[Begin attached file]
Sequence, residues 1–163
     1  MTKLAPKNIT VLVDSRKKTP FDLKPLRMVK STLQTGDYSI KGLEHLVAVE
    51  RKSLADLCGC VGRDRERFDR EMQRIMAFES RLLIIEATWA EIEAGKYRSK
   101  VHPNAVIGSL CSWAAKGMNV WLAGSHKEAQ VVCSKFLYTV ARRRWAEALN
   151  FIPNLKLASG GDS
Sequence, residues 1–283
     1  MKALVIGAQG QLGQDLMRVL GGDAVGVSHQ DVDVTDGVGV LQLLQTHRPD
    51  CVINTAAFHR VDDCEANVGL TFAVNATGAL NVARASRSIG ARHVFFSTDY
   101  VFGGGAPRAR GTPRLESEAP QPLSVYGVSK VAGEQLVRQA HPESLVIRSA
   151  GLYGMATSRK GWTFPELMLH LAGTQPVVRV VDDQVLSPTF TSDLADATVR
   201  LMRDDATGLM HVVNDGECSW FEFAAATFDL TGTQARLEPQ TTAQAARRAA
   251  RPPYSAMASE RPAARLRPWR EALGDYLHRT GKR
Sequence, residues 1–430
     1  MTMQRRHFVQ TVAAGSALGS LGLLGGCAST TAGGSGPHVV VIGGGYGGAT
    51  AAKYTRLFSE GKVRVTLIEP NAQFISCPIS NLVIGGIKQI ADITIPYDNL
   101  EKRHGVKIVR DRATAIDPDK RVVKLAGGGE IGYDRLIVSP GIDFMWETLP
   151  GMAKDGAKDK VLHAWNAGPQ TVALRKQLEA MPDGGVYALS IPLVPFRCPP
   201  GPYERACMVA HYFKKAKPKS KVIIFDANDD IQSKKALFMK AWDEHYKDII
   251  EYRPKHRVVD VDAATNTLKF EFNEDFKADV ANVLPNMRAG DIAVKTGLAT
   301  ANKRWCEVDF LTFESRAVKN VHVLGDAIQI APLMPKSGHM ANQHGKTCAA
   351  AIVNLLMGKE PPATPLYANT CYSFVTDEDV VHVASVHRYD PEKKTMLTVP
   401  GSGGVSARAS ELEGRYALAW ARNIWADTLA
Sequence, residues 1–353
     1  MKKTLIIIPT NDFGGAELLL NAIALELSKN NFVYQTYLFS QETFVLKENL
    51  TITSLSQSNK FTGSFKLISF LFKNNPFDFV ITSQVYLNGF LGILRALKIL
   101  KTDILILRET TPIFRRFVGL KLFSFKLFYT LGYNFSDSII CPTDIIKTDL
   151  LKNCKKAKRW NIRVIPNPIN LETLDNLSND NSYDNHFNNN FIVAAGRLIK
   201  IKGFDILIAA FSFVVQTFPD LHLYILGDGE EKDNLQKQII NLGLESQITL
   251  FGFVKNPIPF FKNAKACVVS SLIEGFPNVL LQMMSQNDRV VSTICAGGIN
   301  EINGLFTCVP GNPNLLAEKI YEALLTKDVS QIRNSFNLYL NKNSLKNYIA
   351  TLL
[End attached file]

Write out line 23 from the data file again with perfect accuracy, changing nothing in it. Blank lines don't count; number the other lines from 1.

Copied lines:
Sequence, residues 1–353